Question 3 of Evaluation

3. What kind of media institution might distribute your media product and why?

Before we did our premiere and got our feedback from the audience, I thought that the efforts we had made to conform to the horror/thriller genre meant that we could potentially release our final film into a multiplex/mainstream scenario successfully. After we did the screening though, we found that the majority of people watching thought that it was more suited to an independent/ one off cinema release. From this, our release strategy changed, and would now be focused around film festivals. 

We would then have the potential to branch into the horror/thriller genre festivals such as:

The Bram Stoker International Film Festival or the Dead by Dawn Festival (both in UK)

Or we could branch out into a worldwide festival audience and try and screen in such places as:

·         Dark Carnival Film Festival (USA)
·         A Night of Horror (Australia)
·         Brussels International Festival of Fantasy Film (Belgium)
I feel that there is a lot of potential for our film within these circles because it is based around traditional horror/thriller themes, but the plot is slightly varied so there is a fresh part to it that gives it a chance at doing well. Our film is niche though, and due to its setting in London with teenage protagonists, the audience range will have decreased from general horror fans.

Our Production Company is Darkhouse Production, and we have decided that we specialise in the horror genre. Another Production Company that specialise in the horror/thriller genre is Dimension Films. They have produced and distributed many films such as Scream, Halloween, The Mist and Scary Movie.

Their specialism in this genre would be beneficial to our film as they would understand the best way to get the optimum reach for our film. A lot of their films are aimed at teenagers as well, and our feedback indicated that people thought the audience should be rated a 15, so we would be trying to draw in the late teens and young adults.

Question 4 of Evaluation

4. Who would be the audience for your media product?

I had a different idea of what our primary and secondary audience would be before and after the feedback from our screening.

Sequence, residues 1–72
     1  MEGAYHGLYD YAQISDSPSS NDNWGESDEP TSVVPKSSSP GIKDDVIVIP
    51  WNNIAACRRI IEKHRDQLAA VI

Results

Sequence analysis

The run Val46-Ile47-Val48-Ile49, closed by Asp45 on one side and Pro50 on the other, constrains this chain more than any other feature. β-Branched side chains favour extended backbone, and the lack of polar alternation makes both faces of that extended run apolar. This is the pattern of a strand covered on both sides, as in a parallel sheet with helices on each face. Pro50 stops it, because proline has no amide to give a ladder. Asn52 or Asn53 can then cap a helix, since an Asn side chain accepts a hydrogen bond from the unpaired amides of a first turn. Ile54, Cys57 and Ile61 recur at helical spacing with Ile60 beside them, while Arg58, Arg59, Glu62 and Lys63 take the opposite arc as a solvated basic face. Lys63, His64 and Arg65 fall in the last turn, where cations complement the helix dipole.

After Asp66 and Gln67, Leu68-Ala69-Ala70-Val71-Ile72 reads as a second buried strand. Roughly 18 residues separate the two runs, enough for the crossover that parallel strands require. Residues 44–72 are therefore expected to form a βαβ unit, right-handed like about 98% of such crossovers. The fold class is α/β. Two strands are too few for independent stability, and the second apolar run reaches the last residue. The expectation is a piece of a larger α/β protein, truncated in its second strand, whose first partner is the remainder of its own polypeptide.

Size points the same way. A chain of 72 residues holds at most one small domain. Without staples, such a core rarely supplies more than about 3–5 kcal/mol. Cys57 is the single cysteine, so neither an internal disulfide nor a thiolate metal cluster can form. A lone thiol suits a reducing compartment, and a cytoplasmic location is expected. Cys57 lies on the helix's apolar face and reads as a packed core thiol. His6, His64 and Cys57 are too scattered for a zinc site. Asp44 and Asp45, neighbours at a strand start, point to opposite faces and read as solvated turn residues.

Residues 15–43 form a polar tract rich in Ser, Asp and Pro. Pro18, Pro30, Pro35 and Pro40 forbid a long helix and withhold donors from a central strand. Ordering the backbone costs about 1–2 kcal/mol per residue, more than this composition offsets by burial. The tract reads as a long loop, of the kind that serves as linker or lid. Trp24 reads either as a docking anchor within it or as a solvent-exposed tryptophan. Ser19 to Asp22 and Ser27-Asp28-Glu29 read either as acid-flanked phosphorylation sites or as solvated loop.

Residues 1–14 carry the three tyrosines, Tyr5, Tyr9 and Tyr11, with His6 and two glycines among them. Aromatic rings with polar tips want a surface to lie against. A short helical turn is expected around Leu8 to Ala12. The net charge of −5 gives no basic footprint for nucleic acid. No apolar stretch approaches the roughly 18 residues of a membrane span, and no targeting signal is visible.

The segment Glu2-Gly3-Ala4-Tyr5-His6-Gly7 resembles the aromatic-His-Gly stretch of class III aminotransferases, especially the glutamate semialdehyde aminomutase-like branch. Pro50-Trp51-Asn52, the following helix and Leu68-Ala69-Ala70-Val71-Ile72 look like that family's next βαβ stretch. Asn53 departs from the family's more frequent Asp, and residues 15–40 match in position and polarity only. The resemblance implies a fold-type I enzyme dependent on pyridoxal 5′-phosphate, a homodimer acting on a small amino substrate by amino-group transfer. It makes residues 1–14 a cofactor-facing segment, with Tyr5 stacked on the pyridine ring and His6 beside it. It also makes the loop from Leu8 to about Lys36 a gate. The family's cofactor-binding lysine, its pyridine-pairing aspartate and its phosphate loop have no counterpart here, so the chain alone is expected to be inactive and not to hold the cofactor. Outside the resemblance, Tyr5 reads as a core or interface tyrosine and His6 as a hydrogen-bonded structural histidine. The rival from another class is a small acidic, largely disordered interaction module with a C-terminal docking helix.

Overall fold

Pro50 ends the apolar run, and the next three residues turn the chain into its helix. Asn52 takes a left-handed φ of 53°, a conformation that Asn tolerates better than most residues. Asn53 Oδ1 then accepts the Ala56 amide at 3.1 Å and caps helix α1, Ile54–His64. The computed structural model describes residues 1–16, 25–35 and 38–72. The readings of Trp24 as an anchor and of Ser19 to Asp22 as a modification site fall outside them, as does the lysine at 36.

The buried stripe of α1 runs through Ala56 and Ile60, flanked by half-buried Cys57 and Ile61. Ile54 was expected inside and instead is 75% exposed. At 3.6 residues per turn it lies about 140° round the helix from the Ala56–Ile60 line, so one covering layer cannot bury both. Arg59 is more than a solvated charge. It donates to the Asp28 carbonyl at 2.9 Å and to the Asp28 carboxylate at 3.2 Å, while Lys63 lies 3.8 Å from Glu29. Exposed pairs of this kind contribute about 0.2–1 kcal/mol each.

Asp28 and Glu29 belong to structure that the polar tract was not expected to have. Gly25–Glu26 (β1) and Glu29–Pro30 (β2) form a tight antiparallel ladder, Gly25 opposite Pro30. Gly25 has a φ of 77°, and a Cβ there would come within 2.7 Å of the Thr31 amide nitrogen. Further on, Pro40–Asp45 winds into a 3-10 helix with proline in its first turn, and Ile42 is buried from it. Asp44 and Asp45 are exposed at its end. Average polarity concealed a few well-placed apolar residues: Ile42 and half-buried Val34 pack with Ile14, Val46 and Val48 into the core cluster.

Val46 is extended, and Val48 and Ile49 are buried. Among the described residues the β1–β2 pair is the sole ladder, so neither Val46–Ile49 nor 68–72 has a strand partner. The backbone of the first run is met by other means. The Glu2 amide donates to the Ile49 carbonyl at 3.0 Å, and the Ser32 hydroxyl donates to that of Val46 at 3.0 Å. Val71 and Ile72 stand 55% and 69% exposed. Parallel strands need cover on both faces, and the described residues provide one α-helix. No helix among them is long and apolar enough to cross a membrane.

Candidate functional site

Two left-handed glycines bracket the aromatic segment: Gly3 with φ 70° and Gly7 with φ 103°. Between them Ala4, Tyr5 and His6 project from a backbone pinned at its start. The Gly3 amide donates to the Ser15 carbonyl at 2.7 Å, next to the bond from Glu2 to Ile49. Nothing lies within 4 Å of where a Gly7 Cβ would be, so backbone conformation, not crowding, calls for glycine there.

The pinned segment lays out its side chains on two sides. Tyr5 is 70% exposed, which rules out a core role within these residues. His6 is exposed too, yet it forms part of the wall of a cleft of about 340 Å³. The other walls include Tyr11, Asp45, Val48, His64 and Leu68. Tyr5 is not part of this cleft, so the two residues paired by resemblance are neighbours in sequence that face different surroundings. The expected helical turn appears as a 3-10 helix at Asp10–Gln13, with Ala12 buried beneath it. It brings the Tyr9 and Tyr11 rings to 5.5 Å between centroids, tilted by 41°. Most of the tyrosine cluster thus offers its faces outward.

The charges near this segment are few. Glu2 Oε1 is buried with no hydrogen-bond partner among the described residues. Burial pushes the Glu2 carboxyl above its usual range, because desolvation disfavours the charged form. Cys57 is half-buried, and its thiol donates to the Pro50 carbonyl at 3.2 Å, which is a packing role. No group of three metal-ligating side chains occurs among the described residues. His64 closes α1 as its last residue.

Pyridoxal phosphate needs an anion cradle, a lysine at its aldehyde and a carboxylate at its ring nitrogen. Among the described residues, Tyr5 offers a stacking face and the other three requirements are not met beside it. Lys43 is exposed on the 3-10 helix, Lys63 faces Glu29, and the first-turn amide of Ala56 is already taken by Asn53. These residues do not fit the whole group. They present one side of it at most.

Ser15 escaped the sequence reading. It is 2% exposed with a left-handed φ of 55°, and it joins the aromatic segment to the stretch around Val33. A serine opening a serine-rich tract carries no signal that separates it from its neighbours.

My initial primary audience profile was something similar to this:

A teenage audience – 15+
Male + Female
Worldwide audience
Horror/Thriller fans
Crime fans

And my secondary audience was:

People outside the age restraints, but that are fans of the genre/ content – pre-teens and adults

After we received the feedback I decided to revise the primary audience profile to this:

15-25 Year olds
Male + female
Niche audience
British citizens/ Londoners
Horror/ thriller fans
Crime fans
Teenage couples

And the secondary audience to:

People outside the age restraints, but that are fans of the genre
Families with teenagers
People interested in British independent films

A character profile: Isaac

He is 17 and lives in London.
He enjoys horror and action films.
He has a girlfriend aged 17 who also likes horror and action films.
He goes to the cinema a couple of times a month and likes to watch DVDs with his girlfriend at home.
He likes to listen to an eclectic mix of music including dubstep and hip hop, and has an iPod touch.
He reads the metro on the way to college.
He studies Politics, Media, English and Mathematics.
He wants to work in journalism.

 Isaac would be part of the primary audience for Captive. He could buy the DVD when it is released, or could go with his girlfriend or mates to the cinema. It is a film centred on where he lives, so that may also draw his interest. He likes to keep up to date with the news, and so may want to broaden his film knowledge by seeing this film.

Question 5 of Evaluation

5. How did you attract/address your audience?

Primary Audience

Our primary audience was addressed in a variety of ways.
The protagonist of the opening sequence and hero of the film are both teenagers. This helped draw in the interest of people of similar ages without them having to see the whole film. The two characters visible in the opening sequence are a guy and a girl. The girl’s role within the film, and the suspense at her outcome should appeal to the female audience while the strong male protagonist should draw the male target audience in. The themes of horror, thriller and crime are often associated with men, but the romantic element between Dannie and Josh adds a feminine appeal to the film. The film is set in London, so British citizens, in particular Londoners, will be drawn to a film based around where they live.

Secondary Audience

The genre will appeal to people outside of our primary audience, such as adults that enjoy horror films or a family with older teenagers. The romance and chase, with only a few fight scenes means that those interested in slasher films would not be particularly interested, but those that like an action based thriller would be more inclined to watch.

We held a premiere for our film at 1:00 on 30th March in the Latymer Media department. We advertised through posters and via the internet to get the largest amount of people that we could, with a variety in ages.

The premiere was a success with 47 people filling out feedback forms for us.

Group 6 Questionnaire

As you can see by our video, the majority of the audience enjoyed the film and through the questionnaires we can see that we got the majorities interest. By this we can deem that our opening sequence was successful at interesting the primary audience we chose.